The Prophet They Deserve

Monday, October 21, 2019

Pundits of all stripes often speak of Ayn Rand as a prophet whenever recent events play out like those in her novels or her better-known commentary. Often, conservatives use the analogy in a "told-you-so" sense before flitting off to complain about the next entirely predictable result of cultural trends they'll fail to challenge, or even abet. And then there are leftists, who use the term derisively. When they're not putting words in her mouth in an effort to discredit her analysis, they're grasping at straws to portray her as a hysterical alarmist.

The most recent event that made me think of Ayn Rand was Venezuela's inclusion on the UN Human Rights Council, as reported by a major conservative blog:

Venezuela is a tragedy but the United Nations is a joke. The UN's Human Rights Council is composed of 47-members who are elected to three-year terms by UN members. Today, Venezuela was elected to one of two seats reserved for Latin American nations thanks to support from other socialist states...
No. Hot Air didn't then go on to report this as yet another prophecy by Rand, but they could have:
We need more reason, and less mumbo jumbo... (Image by Danny Trujillo, via Unsplash, license.)
Psychologically, the U.N. has contributed a great deal to the gray swamp of demoralization -- of cynicism, bitterness, hopelessness, fear and nameless guilt -- which is swallowing the Western world. But the communist world has gained a moral sanction, a stamp of civilized respectability from the Western world -- it has gained the West's assistance in deceiving its victims -- it has gained the status and prestige of an equal partner, thus establishing the notion that the difference between human rights and mass slaughter is merely a difference of political opinion.


Who, but a concrete-bound epistemological savage, could have expected any other results from such an "experiment in collaboration"? What would you expect from a crime-fighting committee whose board of directors included the leading gangsters of the community? [bold added]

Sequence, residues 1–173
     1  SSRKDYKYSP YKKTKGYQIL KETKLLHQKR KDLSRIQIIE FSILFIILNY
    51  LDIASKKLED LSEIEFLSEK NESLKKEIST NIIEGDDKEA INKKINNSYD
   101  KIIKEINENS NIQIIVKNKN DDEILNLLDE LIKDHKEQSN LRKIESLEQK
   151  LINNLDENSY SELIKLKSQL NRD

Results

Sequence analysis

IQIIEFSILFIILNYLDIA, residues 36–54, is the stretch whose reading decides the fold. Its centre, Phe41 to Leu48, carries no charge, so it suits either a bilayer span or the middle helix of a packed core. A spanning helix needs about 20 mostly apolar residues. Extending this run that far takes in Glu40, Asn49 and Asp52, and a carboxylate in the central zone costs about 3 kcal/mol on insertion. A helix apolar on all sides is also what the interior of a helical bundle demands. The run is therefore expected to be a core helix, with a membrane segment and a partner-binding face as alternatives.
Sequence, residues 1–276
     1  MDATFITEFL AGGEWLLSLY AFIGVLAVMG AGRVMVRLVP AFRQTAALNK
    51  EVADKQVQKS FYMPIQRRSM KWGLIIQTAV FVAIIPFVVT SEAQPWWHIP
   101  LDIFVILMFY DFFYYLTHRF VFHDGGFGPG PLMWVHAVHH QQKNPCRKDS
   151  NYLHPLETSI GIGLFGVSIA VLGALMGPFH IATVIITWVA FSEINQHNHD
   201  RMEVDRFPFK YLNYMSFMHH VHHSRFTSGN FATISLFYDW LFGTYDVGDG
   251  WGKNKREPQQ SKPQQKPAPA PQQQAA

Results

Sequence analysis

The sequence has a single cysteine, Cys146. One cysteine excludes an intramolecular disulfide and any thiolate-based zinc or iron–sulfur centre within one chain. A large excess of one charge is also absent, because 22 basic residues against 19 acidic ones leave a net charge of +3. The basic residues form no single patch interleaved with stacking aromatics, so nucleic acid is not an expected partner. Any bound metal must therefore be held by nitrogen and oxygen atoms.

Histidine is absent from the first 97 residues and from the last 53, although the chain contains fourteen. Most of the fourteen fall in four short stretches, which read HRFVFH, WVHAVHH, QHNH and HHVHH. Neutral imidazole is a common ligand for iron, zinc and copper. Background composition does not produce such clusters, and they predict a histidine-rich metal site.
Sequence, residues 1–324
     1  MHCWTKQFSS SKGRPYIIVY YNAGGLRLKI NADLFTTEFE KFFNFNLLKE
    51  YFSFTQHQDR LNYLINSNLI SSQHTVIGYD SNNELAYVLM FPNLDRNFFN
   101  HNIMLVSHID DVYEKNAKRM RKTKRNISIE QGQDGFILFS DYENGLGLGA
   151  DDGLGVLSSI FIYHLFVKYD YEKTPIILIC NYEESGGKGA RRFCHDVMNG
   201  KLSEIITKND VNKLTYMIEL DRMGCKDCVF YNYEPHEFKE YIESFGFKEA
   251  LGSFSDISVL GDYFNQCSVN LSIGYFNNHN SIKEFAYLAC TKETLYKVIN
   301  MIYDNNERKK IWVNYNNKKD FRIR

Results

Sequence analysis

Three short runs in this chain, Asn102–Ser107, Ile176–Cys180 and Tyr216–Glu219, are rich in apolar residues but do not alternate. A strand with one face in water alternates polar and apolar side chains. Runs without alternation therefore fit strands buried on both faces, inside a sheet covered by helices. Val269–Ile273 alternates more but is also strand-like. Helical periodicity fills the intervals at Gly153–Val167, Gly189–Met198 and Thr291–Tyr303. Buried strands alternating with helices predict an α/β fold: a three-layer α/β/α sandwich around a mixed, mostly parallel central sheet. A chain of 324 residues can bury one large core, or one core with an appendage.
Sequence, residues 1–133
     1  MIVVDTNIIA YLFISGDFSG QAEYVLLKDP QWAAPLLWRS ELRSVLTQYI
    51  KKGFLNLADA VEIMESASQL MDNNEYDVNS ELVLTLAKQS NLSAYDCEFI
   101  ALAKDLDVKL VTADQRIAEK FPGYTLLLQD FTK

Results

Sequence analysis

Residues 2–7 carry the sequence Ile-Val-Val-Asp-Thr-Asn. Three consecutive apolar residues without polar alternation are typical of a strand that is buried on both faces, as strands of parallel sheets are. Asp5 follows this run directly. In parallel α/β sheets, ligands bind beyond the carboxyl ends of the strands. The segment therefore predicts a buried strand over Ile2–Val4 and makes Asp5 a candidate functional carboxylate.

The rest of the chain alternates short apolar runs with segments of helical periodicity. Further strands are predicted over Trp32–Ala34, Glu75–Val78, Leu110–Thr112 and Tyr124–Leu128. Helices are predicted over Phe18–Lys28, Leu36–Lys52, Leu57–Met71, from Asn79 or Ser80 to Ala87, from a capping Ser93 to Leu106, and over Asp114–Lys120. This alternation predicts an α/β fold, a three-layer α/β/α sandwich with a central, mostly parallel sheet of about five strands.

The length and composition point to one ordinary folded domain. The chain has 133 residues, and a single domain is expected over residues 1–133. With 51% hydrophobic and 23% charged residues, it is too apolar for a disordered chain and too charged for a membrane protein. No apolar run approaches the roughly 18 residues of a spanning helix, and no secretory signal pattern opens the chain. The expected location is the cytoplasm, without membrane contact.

That the socialist gang running Venezuela is now an officially recognized champion of "human rights" is a travesty that should cause any nation serious about individual rights to at least threaten to withdraw from the UN in protest. (This assumes such a nation somehow was a member in the first place: I further agree with Ayn Rand that we shouldn't even be a member of the UN.) But I will not hold my breath. There will be no push to do this from the left, who want to flush our country down the same socialist toilet.

And the right? Note the terms tragedy and joke: Much stronger terms are in order. The suffering and death caused by the "Bolivarians" are atrocities; and the UN is an abomination. But the right has failed for so long to challenge the altruistic base of socialism that I would be surprised to hear the first of those more proper terms used. And worse, so many accept so much of the culture uncritically that they additionally treat the UN as a metaphysical fact rather than as the man-made institution it is, hence the impotent sarcasm of calling the UN a joke.

So, although nobody has said this is yet another fulfilled prophecy, it is. And these will keep coming until more people listen to and heed the warnings -- or until they can't keep coming. In the latter case, the real tragedy (for innocent victims, such as children) and the real atrocity (by those capable of thinking or acting to avert it, but who do not) will be the fact that any and all of these "prophecies" can be averted with the exertion of mental effort and moral courage.

-- CAV


: Changed caption and reworded a sentence.

Friday Hodgepodge

Friday, October 18, 2019